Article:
Disgo Tablet 9104
Budget tablets were once depressing things. They had rubbish displays, often terrible touchscreens and none of the high-end feel of the tablets budget buyers wished they could afford. The Disgo Tablet 9104 wants to change that. It’s a 9.7in Android 4.0 ICS tablet that uses the same display panel as the iPad 2 – according to Disgo at least.
DesignAlso very iPad 2-like, the Disgo Tablet 9104 has an aluminium rear. There’s something about the cool touch of metal that seems so much snazzier than dull old plastic, and it helps to make the tablet feel a bit more upmarket than the majority of cheap Android tablets.However, closer inspection reveals that it doesn’t look or feel quite like a top-end device. A tap on the rear rings a little hollow, where premium tablets tend to feel denser, more solid, and there’s little-to-no careful styling going on here.
What premium tablet would slap a big “2.0MP CAMERA” label on its rear, when a 2MP camera hasn’t been something to shout about since 2005? And what premium tablet would clumsily signpost each of its connections with text, each crammed unceremoniously into one edge of the tablet? Not many, not many.
There’s a whiff of compromised pragmatism here – Disgo seems to have exhausted itself packing-in the fancy back and “iPad 2″ screen panel, lacking the extra energy needed to really make the most of them.These slight missteps continue on the front, too. There’s an odd double bezel, the glass front popping out of the aluminium rear by approximately 2mm. Those used to gazing (possibly longingly) at iPads will exclaim “what’s going on here?”, but it’s actually something we got used to pretty quickly during testing.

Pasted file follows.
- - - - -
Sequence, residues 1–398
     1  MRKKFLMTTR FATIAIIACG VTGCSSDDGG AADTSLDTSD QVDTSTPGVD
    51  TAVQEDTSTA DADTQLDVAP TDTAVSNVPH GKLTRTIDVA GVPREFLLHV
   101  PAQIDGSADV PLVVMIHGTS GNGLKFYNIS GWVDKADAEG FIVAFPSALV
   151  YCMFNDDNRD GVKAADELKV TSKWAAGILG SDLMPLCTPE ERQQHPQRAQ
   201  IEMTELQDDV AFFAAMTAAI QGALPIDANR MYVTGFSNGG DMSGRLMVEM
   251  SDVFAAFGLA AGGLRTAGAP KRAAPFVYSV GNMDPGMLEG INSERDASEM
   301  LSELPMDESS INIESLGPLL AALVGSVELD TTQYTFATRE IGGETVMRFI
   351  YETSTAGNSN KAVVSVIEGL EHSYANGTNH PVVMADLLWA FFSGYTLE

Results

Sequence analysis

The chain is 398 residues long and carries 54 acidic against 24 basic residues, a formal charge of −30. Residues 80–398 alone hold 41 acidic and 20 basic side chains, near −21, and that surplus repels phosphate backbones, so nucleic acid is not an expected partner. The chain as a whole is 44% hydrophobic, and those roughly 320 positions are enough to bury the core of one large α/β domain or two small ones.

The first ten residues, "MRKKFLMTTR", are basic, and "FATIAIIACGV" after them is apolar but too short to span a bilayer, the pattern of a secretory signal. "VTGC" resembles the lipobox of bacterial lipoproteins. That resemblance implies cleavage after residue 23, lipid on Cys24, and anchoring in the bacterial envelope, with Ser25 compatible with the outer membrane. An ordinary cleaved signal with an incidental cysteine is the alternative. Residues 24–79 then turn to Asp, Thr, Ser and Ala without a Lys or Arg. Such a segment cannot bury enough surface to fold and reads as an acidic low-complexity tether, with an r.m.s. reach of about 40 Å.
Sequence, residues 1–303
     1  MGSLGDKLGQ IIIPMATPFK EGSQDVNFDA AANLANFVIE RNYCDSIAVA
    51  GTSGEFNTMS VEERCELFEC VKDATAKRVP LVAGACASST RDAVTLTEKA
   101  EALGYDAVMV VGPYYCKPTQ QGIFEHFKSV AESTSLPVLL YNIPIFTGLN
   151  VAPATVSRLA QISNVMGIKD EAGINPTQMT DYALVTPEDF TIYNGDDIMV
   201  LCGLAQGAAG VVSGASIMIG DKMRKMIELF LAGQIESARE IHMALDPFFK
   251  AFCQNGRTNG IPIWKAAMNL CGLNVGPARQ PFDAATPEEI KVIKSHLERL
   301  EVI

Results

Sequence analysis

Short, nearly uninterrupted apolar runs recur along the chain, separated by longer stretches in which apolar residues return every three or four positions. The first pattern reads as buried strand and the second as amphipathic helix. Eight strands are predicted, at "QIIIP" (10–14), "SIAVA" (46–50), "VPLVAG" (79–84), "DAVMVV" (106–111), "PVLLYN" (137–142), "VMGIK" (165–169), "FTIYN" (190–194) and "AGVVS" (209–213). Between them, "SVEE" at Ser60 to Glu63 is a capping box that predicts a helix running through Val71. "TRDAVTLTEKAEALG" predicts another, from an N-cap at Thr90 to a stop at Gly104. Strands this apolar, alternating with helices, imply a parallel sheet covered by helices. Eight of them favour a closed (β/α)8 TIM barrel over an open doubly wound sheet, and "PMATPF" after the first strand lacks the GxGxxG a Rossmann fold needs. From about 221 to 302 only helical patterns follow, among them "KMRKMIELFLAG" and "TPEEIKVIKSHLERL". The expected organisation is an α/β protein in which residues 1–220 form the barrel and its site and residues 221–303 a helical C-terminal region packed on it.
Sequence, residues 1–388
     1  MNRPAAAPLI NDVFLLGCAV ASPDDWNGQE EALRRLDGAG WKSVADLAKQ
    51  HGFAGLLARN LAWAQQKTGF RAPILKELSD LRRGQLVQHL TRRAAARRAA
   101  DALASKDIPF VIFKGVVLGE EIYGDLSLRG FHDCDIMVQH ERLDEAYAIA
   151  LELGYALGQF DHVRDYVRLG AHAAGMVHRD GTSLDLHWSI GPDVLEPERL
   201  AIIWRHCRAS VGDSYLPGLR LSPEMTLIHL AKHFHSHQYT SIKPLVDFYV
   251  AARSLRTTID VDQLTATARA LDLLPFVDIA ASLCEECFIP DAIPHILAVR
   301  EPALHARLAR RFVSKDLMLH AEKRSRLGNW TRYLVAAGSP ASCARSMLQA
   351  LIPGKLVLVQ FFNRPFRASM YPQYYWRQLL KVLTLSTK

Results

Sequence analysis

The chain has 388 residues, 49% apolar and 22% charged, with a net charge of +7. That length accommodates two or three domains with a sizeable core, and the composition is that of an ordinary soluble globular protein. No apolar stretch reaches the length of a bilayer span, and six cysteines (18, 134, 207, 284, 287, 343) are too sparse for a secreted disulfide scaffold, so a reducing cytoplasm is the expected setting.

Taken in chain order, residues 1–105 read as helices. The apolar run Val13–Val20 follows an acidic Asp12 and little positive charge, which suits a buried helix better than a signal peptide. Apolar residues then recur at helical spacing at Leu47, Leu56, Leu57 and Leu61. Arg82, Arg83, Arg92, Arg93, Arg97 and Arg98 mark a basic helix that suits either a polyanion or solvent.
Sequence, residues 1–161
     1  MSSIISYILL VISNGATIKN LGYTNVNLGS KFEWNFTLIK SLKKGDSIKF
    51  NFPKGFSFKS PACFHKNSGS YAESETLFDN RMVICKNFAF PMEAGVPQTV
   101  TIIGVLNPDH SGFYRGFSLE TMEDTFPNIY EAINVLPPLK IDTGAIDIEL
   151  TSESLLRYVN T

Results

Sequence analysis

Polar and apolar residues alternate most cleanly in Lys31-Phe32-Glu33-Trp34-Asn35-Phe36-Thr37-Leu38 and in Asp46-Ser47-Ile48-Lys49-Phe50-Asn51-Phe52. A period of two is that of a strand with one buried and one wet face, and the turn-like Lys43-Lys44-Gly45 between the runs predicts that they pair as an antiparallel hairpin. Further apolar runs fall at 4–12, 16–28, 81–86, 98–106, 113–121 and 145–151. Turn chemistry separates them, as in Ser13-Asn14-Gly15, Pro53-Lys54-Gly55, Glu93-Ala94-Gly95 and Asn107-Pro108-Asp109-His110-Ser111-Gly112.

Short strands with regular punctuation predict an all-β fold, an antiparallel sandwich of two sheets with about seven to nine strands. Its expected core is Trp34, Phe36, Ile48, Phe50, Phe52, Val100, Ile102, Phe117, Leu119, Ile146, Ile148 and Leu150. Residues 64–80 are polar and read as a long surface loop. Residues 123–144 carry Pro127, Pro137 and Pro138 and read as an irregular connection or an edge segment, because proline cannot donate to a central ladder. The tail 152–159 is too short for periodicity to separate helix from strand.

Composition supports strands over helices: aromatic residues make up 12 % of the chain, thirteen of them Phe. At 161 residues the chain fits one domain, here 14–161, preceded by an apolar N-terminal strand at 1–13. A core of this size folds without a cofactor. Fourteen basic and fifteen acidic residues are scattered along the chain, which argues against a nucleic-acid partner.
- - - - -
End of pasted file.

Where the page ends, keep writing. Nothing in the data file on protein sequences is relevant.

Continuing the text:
What we found less easy to forgive is another aspect of the glass front. The Disgo 9104 does not used toughened glass, and a half-firm press on it causes an “oil slick” effect, which happens when layers within the screen come into contact with each other.
The Disgo Tablet 9104 represents a step up from the plastic-bodied budget Android tablet standard, but the same limited design methodology remains – it lacks cohesion.
ConnectionsWhat budget tablets like the Disgo Tablet 9104 often do better than big-name alternatives is in including plenty of connections. Along the right edge – when held horizontally – the tablet offers a pinhole mic, microSD card slot, headphone jack, miniHDMI, miniUSB, separate power jack and physical buttons for power on/off and volume control. A couple of these once again show the Disgo up as a cheaper model. Hardly any tablets use the miniUSB/cylindrical power jack combo seen here – most big-name tabs feature a proprietary socket that handles battery charging and data transfer.
Also, the most prominent of the lot, the 3.5mm headphone jack – which sticks out a bit – rests under where you hands naturally rest when held in landscape. This is, of course, doubly annoying as there’s a good chance you’ll want to connect a headphone cable too. In portrait aspect the tablet feels pretty great in-hand, though. It’s 600-odd grammes, making it suitable for one-handed use for short periods.
From a purely function-led perspective, the Disgo Tablet 9104 provides the goods. It comes with 16GB of internal memory – a lot at this price – and with a memory card slot on-hand, boosting that by an additional 32GB will only cost roughly £20-30.
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